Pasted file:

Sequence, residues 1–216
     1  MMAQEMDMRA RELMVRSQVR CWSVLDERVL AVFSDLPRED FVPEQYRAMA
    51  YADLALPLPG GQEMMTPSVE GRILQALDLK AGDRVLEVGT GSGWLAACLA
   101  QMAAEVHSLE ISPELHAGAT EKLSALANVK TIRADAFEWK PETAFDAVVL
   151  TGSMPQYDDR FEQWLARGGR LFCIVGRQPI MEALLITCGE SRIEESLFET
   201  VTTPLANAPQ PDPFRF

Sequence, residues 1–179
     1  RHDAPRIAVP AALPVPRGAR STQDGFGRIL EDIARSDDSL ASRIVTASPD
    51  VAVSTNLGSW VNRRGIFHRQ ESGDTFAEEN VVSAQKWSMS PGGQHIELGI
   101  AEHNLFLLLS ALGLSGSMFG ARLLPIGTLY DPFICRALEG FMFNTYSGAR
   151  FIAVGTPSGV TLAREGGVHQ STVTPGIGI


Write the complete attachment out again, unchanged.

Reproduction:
Sequence, residues 1–216
     1  MMAQEMDMRA RELMVRSQVR CWSVLDERVL AVFSDLPRED FVPEQYRAMA
    51  YADLALPLPG GQEMMTPSVE GRILQALDLK AGDRVLEVGT GSGWLAACLA
   101  QMAAEVHSLE ISPELHAGAT EKLSALANVK TIRADAFEWK PETAFDAVVL
   151  TGSMPQYDDR FEQWLARGGR LFCIVGRQPI MEALLITCGE SRIEESLFET
   201  VTTPLANAPQ PDPFRF

Sequence, residues 1–179
     1  RHDAPRIAVP AALPVPRGAR STQDGFGRIL EDIARSDDSL ASRIVTASPD
    51  VAVSTNLGSW VNRRGIFHRQ ESGDTFAEEN VVSAQKWSMS PGGQHIELGI
   101  AEHNLFLLLS ALGLSGSMFG ARLLPIGTLY DPFICRALEG FMFNTYSGAR
   151  FIAVGTPSGV TLAREGGVHQ STVTPGIGI